There are countless reasons for why people act.  Some people do it to be the center of attention; they cannot thrive without the positive reinforcement of others.  We can criticize that personality trait as much as we want; however if we really look down deep in ourselves, we all have that trait to some extent or another.  Some people do take it too far and demand the praise and adoration of all those around them, no matter what.  Others find that being on stage is the only time that they receive positive attention, and for that reason they thrive in the spotlight.  And who can blame them for wanting that?  No person alive can live a healthy psychological existence without some kind of positive base.  A positive base that comes from people showing us that they like us, that who are is acceptable.  Therefore, it can be said that no matter what reason a person gives for acting on stage, it all comes down to one thing: acceptance.

Friday, November 11, 2011

Veteran's Day

One of the benefits of being a teacher is that you get to take part in a lot of trips, ceremonies, and presentations you would otherwise not be privileged to.  Some lucky teachers get to accompany students on trips to other states, Washington D.C., or even other countries.  I, on a smaller but more significant level, had the pleasure of one such trip today.  The 3rd-8th Grade classes at the school where I teach went to Memorial Hall in Racine and got to take part in the memorial service there. 

Sitting there next to my students, I was a flood of different emotions.  Perhaps most of all was the feeling of gratitude towards the veterans sitting across the aisle from me.  One would have to be a heartless wretch not to feel immense thanksgiving for the men and women who served and continue to serve our country.  It was a great experience for the kids, and myself, to be able to interact and worship with veterans of World War II, Korea, and Vietnam.  Students were able to experience history in an entirely different way than in the classroom: they were able to talk to them men who made that history.  There is no better way to learn than to talk to people who actually lived through it.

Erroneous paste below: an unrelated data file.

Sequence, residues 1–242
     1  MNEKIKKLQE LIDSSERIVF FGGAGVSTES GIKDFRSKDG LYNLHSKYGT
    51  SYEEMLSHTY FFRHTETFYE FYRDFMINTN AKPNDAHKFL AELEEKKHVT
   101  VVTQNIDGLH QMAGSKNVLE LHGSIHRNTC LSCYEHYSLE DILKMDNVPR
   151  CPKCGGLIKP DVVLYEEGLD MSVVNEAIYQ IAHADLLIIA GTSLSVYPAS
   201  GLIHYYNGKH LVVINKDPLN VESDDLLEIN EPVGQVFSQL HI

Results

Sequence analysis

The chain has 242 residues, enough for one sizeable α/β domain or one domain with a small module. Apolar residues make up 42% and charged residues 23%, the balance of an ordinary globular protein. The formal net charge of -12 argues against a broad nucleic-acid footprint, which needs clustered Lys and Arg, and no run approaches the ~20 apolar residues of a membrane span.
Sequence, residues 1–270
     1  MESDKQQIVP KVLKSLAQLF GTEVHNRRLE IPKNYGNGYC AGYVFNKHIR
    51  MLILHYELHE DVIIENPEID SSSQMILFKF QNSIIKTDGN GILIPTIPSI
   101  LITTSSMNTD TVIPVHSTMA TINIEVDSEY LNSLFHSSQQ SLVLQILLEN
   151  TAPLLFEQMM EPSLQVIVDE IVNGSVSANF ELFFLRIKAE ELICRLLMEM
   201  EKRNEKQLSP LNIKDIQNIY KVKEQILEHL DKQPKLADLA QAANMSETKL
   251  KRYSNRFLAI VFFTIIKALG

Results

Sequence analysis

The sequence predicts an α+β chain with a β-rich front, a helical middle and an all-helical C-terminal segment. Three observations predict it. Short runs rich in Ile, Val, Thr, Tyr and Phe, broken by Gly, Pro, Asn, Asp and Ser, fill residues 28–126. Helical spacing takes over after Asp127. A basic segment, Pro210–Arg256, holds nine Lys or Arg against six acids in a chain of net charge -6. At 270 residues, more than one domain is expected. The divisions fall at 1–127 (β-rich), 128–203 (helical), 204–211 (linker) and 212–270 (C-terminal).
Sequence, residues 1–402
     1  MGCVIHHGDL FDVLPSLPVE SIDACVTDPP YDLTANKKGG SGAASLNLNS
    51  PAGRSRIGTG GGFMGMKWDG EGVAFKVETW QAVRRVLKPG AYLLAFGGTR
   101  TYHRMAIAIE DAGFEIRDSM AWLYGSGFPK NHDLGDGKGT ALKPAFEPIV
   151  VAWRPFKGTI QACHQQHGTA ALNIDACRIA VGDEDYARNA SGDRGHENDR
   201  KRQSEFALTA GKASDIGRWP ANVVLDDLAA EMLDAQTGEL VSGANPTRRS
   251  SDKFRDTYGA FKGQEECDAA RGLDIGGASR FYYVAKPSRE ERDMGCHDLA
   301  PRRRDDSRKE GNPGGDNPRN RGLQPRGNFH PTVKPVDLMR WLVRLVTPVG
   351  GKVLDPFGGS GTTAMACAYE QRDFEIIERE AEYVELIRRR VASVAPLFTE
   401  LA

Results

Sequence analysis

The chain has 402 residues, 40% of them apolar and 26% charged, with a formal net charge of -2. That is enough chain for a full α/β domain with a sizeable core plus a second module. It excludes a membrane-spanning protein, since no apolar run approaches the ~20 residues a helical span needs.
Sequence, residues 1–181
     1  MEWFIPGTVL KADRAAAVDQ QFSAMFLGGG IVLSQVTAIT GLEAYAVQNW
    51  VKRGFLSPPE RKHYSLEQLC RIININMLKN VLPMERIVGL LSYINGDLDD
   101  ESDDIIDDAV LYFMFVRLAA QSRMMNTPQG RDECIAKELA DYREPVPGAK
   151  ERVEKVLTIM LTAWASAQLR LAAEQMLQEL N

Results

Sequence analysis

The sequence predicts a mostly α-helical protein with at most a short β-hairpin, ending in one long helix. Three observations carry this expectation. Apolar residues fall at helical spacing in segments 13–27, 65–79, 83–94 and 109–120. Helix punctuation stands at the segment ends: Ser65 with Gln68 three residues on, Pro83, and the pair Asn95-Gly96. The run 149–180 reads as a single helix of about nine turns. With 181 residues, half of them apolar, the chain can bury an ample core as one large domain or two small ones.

The second emotion I believe I was feeling was one of frustration.  Not towards the veterans, of course, but towards some of my students.  A few of the boys were more mesmerized by the guns the veterans were carrying and firing during taps than the actual veterans themselves.  I do not entirely fault them; they are still quite young and immature and I am sure in time they will fully appreciate the people more than the weapon.  Their small lack of priorities paled in comparison to that of some of the other schools that were in attendance.  I do not mean to elevate my school above others or to claim that my kids are better than anyone else's, but I found it very disrespectful and shocking that some school allowed kids to bring cell phones and ipods into the service.  We continually had to deal with giggling, the faint sound of music from ear buds, and the ringing of cell phones.  I was absolutely appalled!  It is a shame that teachers and administrators would even allow those things into a memorial service; I cannot blame the kids as much as I blame the teachers.  They were the reason for the noise, which was distracting from the real reason we were there: to honor and thank all the people who have risked, and in some circumstances given, their lives for our country.  It is because of their sacrifice that many of these kids could even own a phone or ipod.